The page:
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Iowa Signs Bill to Loosen Child Labor Laws

26 Jun


Update Applicable to:

All employers operating in the state of Iowa

What happened?

On May 26, Iowa Republican Gov. Kim Reynolds signed a bill that loosens child labor laws by extending the hours that teens can work and the establishments where they can be employed.

What are the details?

Under the newly signed law, 14- and 15-year-olds are allowed to work two additional hours per day when school is in session, from four to six hours. They are also able to work until 9 p.m. during most of the year and until 11 p.m. from June 1 to Labor Day, two hours later than previously allowed. Sixteen- and 17-year-olds are now permitted to work the same hours as an adult.

The law also allows teens as young as 16 to serve alcohol in restaurants during the hours food is being served if their employer has written permission from their parent or guardian. It also requires that two adults be present while the teen serves alcohol and for the teen to complete “training on prevention and response to sexual harassment.” Children as young as 16 can now also work in areas including manufacturing, with an exemption from the Iowa department of education or Iowa workforce development if it is part of a work-based learning program.

Among the expanded employment opportunities outlined under the new law, 14- and 15-year-olds would be able to do certain types of work in industrial laundry services and in freezers and meat coolers – areas that were previously prohibited.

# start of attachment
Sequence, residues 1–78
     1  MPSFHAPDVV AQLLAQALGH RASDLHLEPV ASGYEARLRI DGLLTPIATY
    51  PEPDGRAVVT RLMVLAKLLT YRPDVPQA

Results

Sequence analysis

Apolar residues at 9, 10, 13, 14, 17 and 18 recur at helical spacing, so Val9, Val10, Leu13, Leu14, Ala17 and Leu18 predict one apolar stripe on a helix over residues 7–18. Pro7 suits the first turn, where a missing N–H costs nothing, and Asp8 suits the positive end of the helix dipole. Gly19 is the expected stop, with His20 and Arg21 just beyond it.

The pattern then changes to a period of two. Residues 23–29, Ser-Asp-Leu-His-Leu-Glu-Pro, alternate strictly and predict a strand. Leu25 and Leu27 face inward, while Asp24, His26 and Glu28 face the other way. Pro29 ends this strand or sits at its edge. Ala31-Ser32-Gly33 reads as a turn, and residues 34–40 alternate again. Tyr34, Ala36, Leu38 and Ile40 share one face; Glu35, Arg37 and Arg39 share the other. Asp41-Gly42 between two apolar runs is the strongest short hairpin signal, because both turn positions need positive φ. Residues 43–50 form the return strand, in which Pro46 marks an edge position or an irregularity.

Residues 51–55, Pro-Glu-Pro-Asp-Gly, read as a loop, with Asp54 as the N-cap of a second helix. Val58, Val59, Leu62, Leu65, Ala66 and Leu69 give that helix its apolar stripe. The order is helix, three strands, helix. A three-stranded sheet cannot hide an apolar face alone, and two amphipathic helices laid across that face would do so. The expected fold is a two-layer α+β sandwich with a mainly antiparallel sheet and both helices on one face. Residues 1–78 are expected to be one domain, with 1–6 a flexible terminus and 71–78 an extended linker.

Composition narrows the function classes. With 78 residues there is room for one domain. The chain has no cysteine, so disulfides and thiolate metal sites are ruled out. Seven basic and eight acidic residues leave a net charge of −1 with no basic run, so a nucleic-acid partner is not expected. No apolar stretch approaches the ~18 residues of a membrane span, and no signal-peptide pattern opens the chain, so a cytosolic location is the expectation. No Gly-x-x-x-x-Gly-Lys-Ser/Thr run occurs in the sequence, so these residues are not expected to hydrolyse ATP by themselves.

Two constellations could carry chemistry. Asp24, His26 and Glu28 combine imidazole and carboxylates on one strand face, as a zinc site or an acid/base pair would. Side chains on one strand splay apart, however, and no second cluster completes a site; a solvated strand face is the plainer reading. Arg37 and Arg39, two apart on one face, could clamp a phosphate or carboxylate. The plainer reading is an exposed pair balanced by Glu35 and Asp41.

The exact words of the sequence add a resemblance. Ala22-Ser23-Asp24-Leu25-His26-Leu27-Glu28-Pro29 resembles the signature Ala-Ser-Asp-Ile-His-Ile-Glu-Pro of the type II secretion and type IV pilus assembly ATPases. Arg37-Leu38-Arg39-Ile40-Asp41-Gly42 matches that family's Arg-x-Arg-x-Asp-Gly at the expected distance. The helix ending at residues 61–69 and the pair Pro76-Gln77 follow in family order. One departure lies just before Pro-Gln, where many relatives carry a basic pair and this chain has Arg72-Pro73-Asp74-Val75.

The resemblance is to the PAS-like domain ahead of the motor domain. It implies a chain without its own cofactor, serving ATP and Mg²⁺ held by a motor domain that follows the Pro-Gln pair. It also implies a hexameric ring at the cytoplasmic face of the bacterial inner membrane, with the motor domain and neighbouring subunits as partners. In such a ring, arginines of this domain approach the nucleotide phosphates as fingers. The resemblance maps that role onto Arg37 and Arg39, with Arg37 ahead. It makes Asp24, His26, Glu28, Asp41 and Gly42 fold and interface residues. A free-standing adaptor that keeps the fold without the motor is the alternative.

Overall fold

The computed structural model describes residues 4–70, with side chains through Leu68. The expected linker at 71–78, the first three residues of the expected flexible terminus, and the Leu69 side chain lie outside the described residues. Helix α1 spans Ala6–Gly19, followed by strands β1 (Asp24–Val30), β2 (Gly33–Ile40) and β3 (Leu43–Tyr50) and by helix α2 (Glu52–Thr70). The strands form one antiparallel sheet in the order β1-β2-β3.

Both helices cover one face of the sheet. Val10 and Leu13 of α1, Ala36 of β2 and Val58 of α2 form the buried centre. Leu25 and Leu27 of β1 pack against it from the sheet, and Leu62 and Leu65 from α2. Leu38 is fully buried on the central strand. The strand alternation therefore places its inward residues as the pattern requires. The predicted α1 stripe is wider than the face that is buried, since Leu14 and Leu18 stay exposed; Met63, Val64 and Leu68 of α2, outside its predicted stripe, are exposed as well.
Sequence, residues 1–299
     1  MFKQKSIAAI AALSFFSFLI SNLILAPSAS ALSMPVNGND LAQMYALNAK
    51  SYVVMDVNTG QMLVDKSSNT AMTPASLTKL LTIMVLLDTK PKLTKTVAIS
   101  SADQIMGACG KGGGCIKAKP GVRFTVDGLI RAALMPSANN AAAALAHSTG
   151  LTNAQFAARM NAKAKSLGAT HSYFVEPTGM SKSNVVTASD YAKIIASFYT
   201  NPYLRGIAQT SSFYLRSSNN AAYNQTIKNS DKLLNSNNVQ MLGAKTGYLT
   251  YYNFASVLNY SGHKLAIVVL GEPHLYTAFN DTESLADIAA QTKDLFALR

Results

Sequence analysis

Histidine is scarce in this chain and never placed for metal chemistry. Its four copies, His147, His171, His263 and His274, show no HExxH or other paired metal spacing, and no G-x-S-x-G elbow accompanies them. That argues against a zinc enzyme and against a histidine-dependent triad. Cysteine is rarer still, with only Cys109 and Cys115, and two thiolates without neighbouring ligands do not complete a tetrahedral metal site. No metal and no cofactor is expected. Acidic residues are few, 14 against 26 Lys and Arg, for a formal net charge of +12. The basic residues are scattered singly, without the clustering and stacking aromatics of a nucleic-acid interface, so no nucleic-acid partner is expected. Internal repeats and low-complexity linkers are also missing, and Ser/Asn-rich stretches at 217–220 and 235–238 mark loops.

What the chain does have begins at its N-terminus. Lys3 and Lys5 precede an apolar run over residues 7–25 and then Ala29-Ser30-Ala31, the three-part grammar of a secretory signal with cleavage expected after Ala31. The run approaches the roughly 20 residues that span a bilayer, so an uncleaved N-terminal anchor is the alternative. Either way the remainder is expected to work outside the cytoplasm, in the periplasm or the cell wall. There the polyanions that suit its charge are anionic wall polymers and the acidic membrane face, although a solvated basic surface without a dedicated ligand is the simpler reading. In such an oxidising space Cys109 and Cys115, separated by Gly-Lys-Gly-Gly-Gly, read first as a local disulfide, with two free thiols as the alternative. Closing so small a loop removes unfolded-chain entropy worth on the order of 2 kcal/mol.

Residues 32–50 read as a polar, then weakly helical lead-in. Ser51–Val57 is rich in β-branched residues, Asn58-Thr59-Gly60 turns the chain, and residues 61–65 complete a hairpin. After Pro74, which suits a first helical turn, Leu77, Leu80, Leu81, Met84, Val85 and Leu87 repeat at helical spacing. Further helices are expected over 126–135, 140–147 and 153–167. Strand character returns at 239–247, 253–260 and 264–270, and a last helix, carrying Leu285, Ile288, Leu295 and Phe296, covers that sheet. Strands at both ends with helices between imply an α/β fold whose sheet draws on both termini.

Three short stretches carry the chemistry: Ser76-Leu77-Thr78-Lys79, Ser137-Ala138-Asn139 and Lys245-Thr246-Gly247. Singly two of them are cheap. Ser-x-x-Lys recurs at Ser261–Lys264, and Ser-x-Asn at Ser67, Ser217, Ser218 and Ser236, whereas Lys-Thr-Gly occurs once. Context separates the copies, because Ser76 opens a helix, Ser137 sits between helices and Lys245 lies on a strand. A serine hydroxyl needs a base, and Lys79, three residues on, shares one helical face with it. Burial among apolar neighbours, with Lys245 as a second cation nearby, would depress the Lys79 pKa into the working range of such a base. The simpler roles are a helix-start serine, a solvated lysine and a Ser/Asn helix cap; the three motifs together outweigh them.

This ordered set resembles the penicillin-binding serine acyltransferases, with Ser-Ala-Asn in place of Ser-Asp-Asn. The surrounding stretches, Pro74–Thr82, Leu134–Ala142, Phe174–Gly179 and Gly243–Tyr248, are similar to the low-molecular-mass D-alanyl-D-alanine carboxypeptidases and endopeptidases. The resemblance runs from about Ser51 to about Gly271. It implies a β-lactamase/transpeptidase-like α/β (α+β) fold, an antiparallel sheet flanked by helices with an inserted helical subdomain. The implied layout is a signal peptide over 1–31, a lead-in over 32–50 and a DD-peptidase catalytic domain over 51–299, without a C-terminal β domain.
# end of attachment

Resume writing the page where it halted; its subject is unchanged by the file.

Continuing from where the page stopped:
For more information, please see the links below:

Press Release

Bill (SF 542)

Official Bill Page

Article 1, Article 2, Article 3

Chapter 92 (which will be amended by the bill)

What do employers need to do?

Employers should review the bill as well as consult with their employment attorney to ensure compliance with the new law.

Need help understanding how changes to employment laws will affect your business?

Learn more about how Vensure's Iowa PEO services can help you navigate complex employment laws and keep your business compliant.

This communication is intended solely for the purpose of conveying information. The present post might incorporate hyperlinks directing readers to websites managed by third-party entities. The inclusion of any links within this communication is meant to serve as points of reference and could encompass opinion articles from various law firms, articles from HR associations, official websites, news releases, and documents of government agencies, and other relevant third-party sources. Vensure has no authority over these external websites and bears no responsibility for their content. Furthermore, Vensure does not endorse the materials present on these websites. The contents of this communication should not be interpreted as legal advice or as a legal standpoint concerning specific facts or scenarios. Nor should it be deemed an exhaustive compilation of facts potentially pertinent to federal, state, or local laws. It is strongly advised that employers solicit legal guidance from an employment attorney when undertaking actions in response to any legal updates provided. This is due to the possibility of future alterations occurring in federal, state, and local laws, regulations, as well as the directives and guidelines issued by governing agencies. These changes may transpire at any given time, potentially rendering certain portions of the content within this update void or inaccurate.

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